Login to participate
  
Register   Lost ID/password?
Louis Kessler's Behold Blog » Blog Entry           prev Prev   Next next

Behold’s Genetic Relationship Notation (BGRN) - Sun, 22 May 2016

Yeah, I know. BGRN is a horrible acronym. So if you can get to the end of this post and can think of a better thing to call it, I’ll definitely consider your suggestions.

Almost six months ago, I started thinking about A New Notation for DNA Relationships. I’ve now worked out the bugs, and I’m ready to define the notation more formally, as I prepare to implement it in Behold.

 

Note: I purchased the right to use this graphic

Behold’s Genetic Relationship Notation defines a string of characters that represent how person A connects to person B. With this string, you should be able to:

a) Determine the expected amount of DNA shared by the two people, and
b) Describe the relationship in words.

The notation uses the following characters to make up the string:

  • X is a female and is the mother of the previous person in the string.
  • Y is a male and is the father of the previous person in the string
  • U is a person of unknown sex and is the a parent of the previous person in the string
  • A is for a non-genetic parent (e.g. adoptive or step-parent)
  • (YX) is for the Most Recent Common Ancestors (MRCA) of person A and person B when the MRCAs are both the father and mother (usual case).
  • (Y) is for the MRCA of person A and person B when the MRCA is only the father (half-family on the father’s side).
  • (X) is for the MRCA of person A and person B when the MRCA is only the mother (half-family on the mother’s side).
  • 2 follows an X, Y, U and represents an identical twin. In this case, the MRCA above is not needed nor shown.   
  • x is the daughter of the previous person in the string
  • y is the son of the previous person in the string
  • u is the child of the previous person in the string
  • a is for a non-genetic child (e.g. adopted or step-child) of the previous person in the string
  • - (a hyphen) is for the spouse or partner of the previous person in the string.

The core rules, for purely genetic relationships, are:

  1. The string starts with 1 or more:  X, Y or U’s, the first of which represent person A.
  2. These are followed by at most 1 of:  (YX), (Y), (X), or 2.
  3. These are followed by 0 or more:  x, y, or u’s.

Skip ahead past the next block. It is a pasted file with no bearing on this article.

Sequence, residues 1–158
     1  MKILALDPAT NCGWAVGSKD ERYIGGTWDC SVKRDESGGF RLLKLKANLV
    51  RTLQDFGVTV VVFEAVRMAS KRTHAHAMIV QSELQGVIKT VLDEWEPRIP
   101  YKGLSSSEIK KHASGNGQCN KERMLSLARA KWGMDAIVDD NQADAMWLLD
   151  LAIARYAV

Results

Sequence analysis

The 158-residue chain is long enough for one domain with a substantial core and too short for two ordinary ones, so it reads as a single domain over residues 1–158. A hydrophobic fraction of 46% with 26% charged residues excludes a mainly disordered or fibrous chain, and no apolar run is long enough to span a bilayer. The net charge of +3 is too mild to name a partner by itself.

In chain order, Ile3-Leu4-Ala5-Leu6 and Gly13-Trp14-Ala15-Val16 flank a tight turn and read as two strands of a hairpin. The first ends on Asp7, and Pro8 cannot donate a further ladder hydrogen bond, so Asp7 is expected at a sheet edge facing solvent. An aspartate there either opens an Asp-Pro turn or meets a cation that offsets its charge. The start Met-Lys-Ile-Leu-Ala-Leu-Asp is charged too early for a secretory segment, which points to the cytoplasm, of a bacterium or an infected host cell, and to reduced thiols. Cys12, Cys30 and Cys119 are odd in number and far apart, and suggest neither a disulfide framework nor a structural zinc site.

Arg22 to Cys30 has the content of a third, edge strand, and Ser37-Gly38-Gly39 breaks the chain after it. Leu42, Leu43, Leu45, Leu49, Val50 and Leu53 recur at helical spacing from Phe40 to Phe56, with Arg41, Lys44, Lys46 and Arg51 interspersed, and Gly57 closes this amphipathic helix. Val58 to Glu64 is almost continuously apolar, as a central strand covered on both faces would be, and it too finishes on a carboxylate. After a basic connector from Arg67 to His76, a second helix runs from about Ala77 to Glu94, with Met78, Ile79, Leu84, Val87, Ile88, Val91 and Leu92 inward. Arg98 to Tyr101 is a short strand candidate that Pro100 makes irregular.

4. The last character in the string represents person B.
  5. A, a and – (hyphen) specify non-genetic relationships (zero DNA match) and are not part of the core rules.

Examples of the notation for genetic relationships and the relationship in words that can be generated from it:

Y = male person
YXY = male person’s mother’s father
YXY(YX)xy = male person’s mother’s fathers’ sister’s son.
U(Y)xxx = person’s paternal half-sister’s daughter’s daughter’s daughter.
Xyy = female person’s son’s son.
XY2x = female person’s father’s identical twin’s daughter.

Here’s example of some common relationships:

X = female person
XX = mother
XXX = grandmother
XXXX = great-grandmother
XX(YX)x = aunt
XX(YX)xx = 1st cousin
XX(YX)xxx = 1st cousin, once removed
XXX(YX)xx = 1st cousin, once removed (the other way)
XX(YX)xxxx = 1st cousin, twice removed
XXXX(YX)xx = 1st cousin, twice removed (the other way)
XXX(YX)x = great-aunt
XXX(YX)xxx = 2nd cousin
XXX(YX)xxxx = 2nd cousin, once removed
XXXX(YX)xxx = 2nd cousin, once removed (the other way)

(Any of the X’s and x’s (except the last x for the first 4 strings above) can be replaced by Y’s or U’s and y’s or u’s)

Hopefully, you’re getting the idea.

Note that a line up to a direct ancestor will not have a MRCA, and neither will a line down to a direct descendent. When the step is across to an identical twin, the MRCA parents are not shown.

I won’t go into the calculation of how much DNA is shared since it’s worthy of another post, but let me say that the expected values can be easily obtained from strings written in Behold Genetic Relationship Notation, BGRN.

Now I would like to extend this notation to handle more than just Genetic relationships and include all possible genealogical relationships. So let’s define the extended rules as:

  1. The string starts with an X, Y or U, which represents person A.
  2. These are followed by any number of X, Y, U, A, (YX), (Y), (X), 2, x, y, u, a, and - (hyphens).
  3. (YX), (Y) and (X) must be followed by x, y, u or a.  Therefore the string cannot end with (YX), (Y) or (X),
  4. 2 must follow X, Y, U, A, x, y, u, a or – (hyphen).
  5. The same person is never represented more than once in the string.
  6. The last character in the string represents person B.

Examples of the extended notation and the relationship in words that can be generated from it:

Y- = Male person’s spouse
Y-(YX)xaY = Male person’s spouse’s sister’s adopted child’s father.
XXXX–x-X- = Female person’s mother’s mother’s mother’s spouse’s daughter’s spouse’s mother’s spouse.
Y(YX)xy(Y)y-(YX)x- = Male person’s sister’s son’s paternal half-brother’s spouse’s brother’s spouse.

So BGRN can handle any relationship, no matter how complicated.

I am interested in hearing any and all comments, criticisms and suggestions.

No Comments Yet

 

The Following 1 Site Has Linked Here

  1. Best of the Genea-Blogs - 22 to 28 May 2016 - Geneamusings - Randy Seaver : Sun, 29 May 2016
    Behold’s Genetic Relationship Notation (BGRN) by Louis Kessler on Louis Kessler's Behold Genealogy blog. Louis has come up with a fascinating methodology here.

Leave a Comment

You must login to comment.

Login to participate
  
Register   Lost ID/password?